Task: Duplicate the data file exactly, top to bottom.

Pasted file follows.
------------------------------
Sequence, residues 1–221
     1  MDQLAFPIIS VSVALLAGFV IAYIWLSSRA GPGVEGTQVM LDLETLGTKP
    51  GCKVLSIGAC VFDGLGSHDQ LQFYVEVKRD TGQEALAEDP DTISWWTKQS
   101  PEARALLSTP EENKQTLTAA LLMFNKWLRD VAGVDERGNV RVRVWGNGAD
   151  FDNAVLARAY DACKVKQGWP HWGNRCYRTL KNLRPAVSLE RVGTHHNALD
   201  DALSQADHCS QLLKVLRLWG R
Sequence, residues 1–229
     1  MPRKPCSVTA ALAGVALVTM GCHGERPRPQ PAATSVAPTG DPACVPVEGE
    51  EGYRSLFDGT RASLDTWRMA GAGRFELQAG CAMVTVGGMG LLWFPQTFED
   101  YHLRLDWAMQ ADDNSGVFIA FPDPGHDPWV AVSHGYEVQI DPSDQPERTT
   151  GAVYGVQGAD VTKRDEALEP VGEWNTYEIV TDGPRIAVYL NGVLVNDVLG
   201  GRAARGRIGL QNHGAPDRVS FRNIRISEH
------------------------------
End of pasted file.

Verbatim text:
Sequence, residues 1–221
     1  MDQLAFPIIS VSVALLAGFV IAYIWLSSRA GPGVEGTQVM LDLETLGTKP
    51  GCKVLSIGAC VFDGLGSHDQ LQFYVEVKRD TGQEALAEDP DTISWWTKQS
   101  PEARALLSTP EENKQTLTAA LLMFNKWLRD VAGVDERGNV RVRVWGNGAD
   151  FDNAVLARAY DACKVKQGWP HWGNRCYRTL KNLRPAVSLE RVGTHHNALD
   201  DALSQADHCS QLLKVLRLWG R
Sequence, residues 1–229
     1  MPRKPCSVTA ALAGVALVTM GCHGERPRPQ PAATSVAPTG DPACVPVEGE
    51  EGYRSLFDGT RASLDTWRMA GAGRFELQAG CAMVTVGGMG LLWFPQTFED
   101  YHLRLDWAMQ ADDNSGVFIA FPDPGHDPWV AVSHGYEVQI DPSDQPERTT
   151  GAVYGVQGAD VTKRDEALEP VGEWNTYEIV TDGPRIAVYL NGVLVNDVLG
   201  GRAARGRIGL QNHGAPDRVS FRNIRISEH